Use these instructions on how to make pine pitch – just don’t add the charcoal and other substrates!

And here is a video if you prefer to watch.

Pine Pitch for Waterproofing

In my opinion, this is by far the best survival use for pine pitch.  Pine pitch is not water soluble, and it is incredibly durable.  You can use it to waterproof all sorts of things, such as using it in the seams of your boots.

Traditionally, pine pitch was used to waterproof boats and buckets.  Apparently even Noah used pitch to waterproof the Ark!

To apply pine pitch, you’ll need to heat it up first (use a double boiler for this so it doesn’t catch on fire!).  Then just paint it on whatever you need to waterproof.

Note that you don’t want to use pine pitch for waterproofing things that will be in high heat.  The pine pitch will just melt off!  It also gets a bit brittle in cold weather, so you’ll probably have to reapply each season.

Have you used sap for anything?  Do you think these traditional methods are worth preserving? Let us know in the comments or join the discussion on Facebook.

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  1. I am a denture wearer and was wondering about the possibility of using pine sap or resin as an adhesive in an outdoor/survival type situation. Could the glue method above be used? Is it safe to consume once it has been dried out and then reheated (wouldn’t be eating it but it would be absorbed somewhat through the gums)? Or would just using it straight from the tree work?

    • Can’t really see this working too well. The glue hardens when it dries so needs to be heated before application, I expect it will be too uncomfortable to use.

  2. Hi nice article. I was wondering if it was safe to use pine sap in my Incense mix? After melting down I add flowers and sage, sometimes incense oils, then roll into small balls. When ready to use I just place in smudge pot/bowl with little sand and light. My concern is it harmful to breathe in for me or my pets? Thanks

    • I can’t give you a definitive answer on this as I don’t know for sure that the fumes are safe to breath. My gut instinct says it should be fine although you will need to do your own research before you make a decision.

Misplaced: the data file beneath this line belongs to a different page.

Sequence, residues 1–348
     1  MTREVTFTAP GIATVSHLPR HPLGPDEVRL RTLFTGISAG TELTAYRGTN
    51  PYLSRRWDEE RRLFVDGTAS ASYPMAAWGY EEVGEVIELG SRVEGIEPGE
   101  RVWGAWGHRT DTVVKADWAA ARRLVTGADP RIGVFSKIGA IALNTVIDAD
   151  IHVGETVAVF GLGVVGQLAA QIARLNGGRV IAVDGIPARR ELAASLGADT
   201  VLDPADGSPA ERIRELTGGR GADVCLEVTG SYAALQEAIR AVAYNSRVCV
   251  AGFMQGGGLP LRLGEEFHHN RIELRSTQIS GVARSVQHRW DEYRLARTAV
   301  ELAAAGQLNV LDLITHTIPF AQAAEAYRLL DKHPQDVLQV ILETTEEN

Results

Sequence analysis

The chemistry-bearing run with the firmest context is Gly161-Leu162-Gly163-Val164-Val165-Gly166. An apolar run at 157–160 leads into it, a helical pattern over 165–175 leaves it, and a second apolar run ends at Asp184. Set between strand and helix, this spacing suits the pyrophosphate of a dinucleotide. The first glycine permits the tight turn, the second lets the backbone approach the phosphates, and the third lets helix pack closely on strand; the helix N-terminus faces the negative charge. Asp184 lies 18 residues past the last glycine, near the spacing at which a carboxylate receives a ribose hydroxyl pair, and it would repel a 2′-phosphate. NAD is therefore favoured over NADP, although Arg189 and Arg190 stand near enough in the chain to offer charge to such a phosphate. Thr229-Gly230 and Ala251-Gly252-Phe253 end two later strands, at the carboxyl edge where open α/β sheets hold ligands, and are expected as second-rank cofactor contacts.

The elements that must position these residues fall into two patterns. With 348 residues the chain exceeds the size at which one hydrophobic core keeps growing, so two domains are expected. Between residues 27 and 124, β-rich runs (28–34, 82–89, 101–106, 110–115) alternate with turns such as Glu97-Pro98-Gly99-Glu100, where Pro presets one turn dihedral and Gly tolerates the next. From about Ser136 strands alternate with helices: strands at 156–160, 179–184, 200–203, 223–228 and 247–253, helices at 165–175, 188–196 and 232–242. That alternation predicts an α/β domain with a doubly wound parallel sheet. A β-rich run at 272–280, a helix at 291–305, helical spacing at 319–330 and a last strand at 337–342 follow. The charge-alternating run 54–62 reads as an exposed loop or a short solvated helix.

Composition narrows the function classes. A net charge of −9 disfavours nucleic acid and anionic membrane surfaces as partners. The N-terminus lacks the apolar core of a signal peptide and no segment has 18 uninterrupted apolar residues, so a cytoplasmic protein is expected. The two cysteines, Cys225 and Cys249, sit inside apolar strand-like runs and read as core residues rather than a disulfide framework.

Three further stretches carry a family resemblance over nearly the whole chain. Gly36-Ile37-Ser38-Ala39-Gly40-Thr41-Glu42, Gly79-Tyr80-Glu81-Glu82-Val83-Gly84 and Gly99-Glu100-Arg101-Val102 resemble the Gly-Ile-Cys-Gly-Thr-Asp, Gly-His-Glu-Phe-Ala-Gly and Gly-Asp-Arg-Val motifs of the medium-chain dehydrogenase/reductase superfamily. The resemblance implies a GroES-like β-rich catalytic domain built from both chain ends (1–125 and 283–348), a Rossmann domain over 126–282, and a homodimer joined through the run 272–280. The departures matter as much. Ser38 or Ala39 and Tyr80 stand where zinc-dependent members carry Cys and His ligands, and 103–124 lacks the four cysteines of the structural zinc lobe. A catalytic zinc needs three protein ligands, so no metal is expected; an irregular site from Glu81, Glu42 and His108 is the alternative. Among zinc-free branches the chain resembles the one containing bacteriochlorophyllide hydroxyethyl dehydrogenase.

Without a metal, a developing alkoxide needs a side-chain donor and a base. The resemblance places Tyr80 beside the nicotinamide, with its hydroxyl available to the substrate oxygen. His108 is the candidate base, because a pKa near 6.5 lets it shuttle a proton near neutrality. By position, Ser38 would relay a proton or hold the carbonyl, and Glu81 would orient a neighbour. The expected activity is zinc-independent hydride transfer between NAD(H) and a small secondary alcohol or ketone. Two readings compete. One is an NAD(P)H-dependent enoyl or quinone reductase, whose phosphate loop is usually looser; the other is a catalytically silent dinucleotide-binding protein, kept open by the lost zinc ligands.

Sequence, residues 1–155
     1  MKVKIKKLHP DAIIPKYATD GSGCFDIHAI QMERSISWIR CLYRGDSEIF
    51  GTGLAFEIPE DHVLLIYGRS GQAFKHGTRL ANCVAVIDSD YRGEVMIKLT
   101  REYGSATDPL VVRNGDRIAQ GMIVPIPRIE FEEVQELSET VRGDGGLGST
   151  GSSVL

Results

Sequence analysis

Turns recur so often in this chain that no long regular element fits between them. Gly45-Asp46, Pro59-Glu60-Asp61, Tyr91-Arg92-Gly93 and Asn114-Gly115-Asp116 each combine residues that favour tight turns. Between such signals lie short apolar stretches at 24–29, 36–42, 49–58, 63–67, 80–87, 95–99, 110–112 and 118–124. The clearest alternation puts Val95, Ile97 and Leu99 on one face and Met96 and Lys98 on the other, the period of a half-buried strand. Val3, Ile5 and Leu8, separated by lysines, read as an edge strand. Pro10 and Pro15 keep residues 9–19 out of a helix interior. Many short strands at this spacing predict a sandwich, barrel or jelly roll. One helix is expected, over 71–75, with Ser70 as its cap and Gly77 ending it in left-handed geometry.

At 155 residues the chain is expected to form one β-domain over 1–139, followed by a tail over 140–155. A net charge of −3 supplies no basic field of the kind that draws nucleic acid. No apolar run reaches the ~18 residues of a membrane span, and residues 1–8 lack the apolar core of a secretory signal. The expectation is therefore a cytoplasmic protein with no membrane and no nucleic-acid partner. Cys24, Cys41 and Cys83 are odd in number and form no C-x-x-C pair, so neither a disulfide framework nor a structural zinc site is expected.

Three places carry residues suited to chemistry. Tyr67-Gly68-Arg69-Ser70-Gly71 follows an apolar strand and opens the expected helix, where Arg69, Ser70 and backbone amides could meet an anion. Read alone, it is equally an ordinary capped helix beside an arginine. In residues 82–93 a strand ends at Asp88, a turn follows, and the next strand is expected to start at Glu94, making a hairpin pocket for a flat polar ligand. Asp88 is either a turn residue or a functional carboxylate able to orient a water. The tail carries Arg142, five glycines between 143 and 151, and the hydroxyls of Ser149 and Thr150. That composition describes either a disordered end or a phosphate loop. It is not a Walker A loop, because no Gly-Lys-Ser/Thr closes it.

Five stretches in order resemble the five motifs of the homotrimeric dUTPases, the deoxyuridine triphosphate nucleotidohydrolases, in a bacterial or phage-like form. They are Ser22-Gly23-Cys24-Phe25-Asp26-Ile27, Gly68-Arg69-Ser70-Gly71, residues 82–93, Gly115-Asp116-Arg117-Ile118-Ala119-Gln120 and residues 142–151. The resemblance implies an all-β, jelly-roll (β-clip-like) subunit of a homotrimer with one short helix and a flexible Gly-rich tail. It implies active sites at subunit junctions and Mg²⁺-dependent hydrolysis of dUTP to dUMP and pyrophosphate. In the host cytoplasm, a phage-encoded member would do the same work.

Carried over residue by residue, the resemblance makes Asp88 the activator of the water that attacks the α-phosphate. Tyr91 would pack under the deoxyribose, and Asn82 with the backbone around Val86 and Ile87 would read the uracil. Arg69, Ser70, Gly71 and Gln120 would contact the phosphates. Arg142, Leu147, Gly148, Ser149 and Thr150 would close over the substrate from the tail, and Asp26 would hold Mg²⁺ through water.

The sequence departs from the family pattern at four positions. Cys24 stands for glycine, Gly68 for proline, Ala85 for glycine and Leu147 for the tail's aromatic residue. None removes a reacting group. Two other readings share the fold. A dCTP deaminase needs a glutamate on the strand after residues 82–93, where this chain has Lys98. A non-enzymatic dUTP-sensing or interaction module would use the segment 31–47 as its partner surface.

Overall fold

3. I’d like to make some beeswax wraps that call for powdered pine rosin as an ingredient for its tackiness and added antibacterial properties. I just picked some sap today and was hoping to use it instead. Any thoughts?

  4. Hi. I make my bees Wax Wraps with pine rosin. It comes in chunks I bask it a bit and then use an old electric coffee grinder to make into powder. I store it in glass airtight container. After apply the bees wax I sprinkle pine resin over the bees wax and iron between two layers of baking paper. Works for me. There are other methods but pine reson adds antibacterial qualities and helps with stickiness if the wrap.

  5. I love learning about how to use what God gave us, all around us in nature, rather than being totally reliant on store-bought products that are full of harmful chemicals. You’re videos and literature were very informative and easy to follow. Thank you for sharing your knowledge. As I am somewhat of a nube on all of this. I’ve always been interested, and always try to absorb as much information as I can about survival skills and doing things all natural. Loved the whole post, definitely useful and easy to follow!

  6. Once i had a abscessed tooth. I place pine sap on a swab then put it on my gum and cavity. To my delight the next morning, the infection had been drawn to the top of my cavity and i popped it with a needle to release it. I gained instant releif. Granted the taste wasnt pleasent, but soooo worth it!

  7. My family has been gathering pine sap for years for healing salve. It works wonders on any wound, even those split fingers I get in the winter time. My dad always chewed it as gum also, something I never mastered like he did. It’s been a staple at our houses for generations!